New drug detection dogs to be used on railway network

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New drug detection dogs have been deployed on the railways in a bid to disrupt so-called county lines drug operations, according to British Transport Police (BTP).

The four new canine recruits, who are trained to sniff out a range of illegal substances in busy railway environments, will be used in intelligence-led operations to crack down on drug dealers.

The move is part of a "renewed offensive"

The move is part of a "renewed offensive"

Rocco, Bella, Polly and Dudley will form part of a new police task force funded by the Home Office which aims to tackle county lines operations.

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The term refers to the mobile phone lines dedicated to taking orders from drug users, which are operated by criminals from big cities who have expanded into smaller towns.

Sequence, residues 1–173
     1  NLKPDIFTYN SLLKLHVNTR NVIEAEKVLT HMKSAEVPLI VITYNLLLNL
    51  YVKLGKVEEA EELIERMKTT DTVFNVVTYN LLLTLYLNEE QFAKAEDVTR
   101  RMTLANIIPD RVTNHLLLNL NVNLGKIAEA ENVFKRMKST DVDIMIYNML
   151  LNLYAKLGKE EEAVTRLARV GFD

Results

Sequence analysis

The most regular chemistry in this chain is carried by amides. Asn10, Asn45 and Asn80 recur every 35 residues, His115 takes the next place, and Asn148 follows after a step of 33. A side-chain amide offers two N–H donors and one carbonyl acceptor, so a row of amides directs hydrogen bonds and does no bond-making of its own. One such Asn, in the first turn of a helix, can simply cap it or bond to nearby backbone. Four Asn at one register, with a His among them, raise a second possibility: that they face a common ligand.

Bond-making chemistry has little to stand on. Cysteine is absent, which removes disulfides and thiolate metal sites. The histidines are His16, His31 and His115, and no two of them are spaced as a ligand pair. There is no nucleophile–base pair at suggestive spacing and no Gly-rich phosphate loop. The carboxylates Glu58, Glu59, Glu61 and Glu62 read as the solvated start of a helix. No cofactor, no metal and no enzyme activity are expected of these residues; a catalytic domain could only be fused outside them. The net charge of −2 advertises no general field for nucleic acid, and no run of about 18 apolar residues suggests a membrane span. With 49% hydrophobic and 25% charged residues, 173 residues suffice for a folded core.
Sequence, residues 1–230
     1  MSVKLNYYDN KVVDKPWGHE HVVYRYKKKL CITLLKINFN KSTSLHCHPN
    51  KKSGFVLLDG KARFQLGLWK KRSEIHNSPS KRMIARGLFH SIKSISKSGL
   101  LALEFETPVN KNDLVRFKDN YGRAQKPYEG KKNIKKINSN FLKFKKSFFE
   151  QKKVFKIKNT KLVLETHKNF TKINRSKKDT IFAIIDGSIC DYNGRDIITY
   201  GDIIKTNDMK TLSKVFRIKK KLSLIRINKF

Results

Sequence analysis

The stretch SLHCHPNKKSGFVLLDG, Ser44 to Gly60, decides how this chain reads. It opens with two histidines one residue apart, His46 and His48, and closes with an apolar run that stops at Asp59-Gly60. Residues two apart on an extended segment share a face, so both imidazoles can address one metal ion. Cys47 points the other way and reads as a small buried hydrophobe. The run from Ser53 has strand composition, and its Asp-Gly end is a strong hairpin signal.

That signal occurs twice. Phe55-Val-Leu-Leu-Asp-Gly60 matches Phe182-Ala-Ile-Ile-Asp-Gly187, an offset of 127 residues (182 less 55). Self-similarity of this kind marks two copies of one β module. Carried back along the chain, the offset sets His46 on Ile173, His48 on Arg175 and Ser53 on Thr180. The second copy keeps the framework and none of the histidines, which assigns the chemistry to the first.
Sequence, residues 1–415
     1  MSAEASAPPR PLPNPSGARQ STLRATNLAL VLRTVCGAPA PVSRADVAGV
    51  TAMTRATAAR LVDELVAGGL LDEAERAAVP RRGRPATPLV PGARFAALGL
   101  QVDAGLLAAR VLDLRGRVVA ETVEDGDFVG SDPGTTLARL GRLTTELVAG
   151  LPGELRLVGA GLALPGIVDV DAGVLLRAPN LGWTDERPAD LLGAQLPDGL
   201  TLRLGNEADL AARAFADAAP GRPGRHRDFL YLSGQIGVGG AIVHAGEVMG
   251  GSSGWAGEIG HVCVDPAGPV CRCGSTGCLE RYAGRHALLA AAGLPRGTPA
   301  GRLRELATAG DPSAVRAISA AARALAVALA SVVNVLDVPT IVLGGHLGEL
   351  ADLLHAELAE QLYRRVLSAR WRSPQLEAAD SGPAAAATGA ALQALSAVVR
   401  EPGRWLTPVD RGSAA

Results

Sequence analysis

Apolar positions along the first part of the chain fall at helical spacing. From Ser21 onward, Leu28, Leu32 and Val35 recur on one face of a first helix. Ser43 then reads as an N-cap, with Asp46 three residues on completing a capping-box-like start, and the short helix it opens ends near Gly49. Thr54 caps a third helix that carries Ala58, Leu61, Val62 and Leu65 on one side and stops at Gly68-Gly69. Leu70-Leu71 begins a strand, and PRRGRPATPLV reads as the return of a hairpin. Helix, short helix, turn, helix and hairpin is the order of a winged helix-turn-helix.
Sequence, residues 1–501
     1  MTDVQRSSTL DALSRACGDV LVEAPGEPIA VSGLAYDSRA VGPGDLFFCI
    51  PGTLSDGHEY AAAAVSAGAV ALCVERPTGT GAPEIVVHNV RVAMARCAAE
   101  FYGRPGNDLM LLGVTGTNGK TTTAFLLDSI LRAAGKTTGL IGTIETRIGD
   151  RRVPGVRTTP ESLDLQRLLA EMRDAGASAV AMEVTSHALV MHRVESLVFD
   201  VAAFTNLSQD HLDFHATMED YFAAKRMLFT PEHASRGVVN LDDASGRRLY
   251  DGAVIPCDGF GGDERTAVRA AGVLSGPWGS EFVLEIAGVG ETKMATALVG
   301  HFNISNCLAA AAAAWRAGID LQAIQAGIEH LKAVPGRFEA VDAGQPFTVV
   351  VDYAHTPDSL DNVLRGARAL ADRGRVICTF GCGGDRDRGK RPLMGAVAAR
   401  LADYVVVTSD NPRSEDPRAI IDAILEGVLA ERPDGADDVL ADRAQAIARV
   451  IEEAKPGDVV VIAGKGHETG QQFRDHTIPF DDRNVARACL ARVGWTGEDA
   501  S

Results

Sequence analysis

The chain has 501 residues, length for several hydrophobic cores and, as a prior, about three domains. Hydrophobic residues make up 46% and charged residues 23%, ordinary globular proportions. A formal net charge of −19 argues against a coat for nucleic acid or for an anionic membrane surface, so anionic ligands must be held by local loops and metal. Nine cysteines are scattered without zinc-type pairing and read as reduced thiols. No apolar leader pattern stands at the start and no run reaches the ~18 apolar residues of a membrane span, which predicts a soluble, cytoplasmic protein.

Young and vulnerable people are often used to act as drug runners or have their homes taken over, or "cuckooed", to be used as drug dens.

The dogs became operational last week following a "passing out parade" after completing a 12-week training course alongside their handlers, according to BTP.

Superintendent Chris Horton said the new dogs are an "exciting development for the force".

He added: "With growing intelligence suggesting county lines drug dealers are increasingly using the rail network to exploit vulnerable young people, drugs dogs are an important step in us denying criminals the ability to do so.

"In the past, we have routinely used drug detection dogs from other police forces to identify and disrupt county lines activity across the railway, so we have seen the positive results they can and will continue to have."

The dogs will work alongside uniformed and plainclothes police, as well as specialists trained in spotting the tell-tale signs of criminal activity.

Crime Minister Kit Malthouse said: "No one should be in any doubt that if you are moving drugs around the UK by road or rail, we will catch you."

The move is part of a "renewed offensive" against county lines operates, he said, adding that there is "much more to come".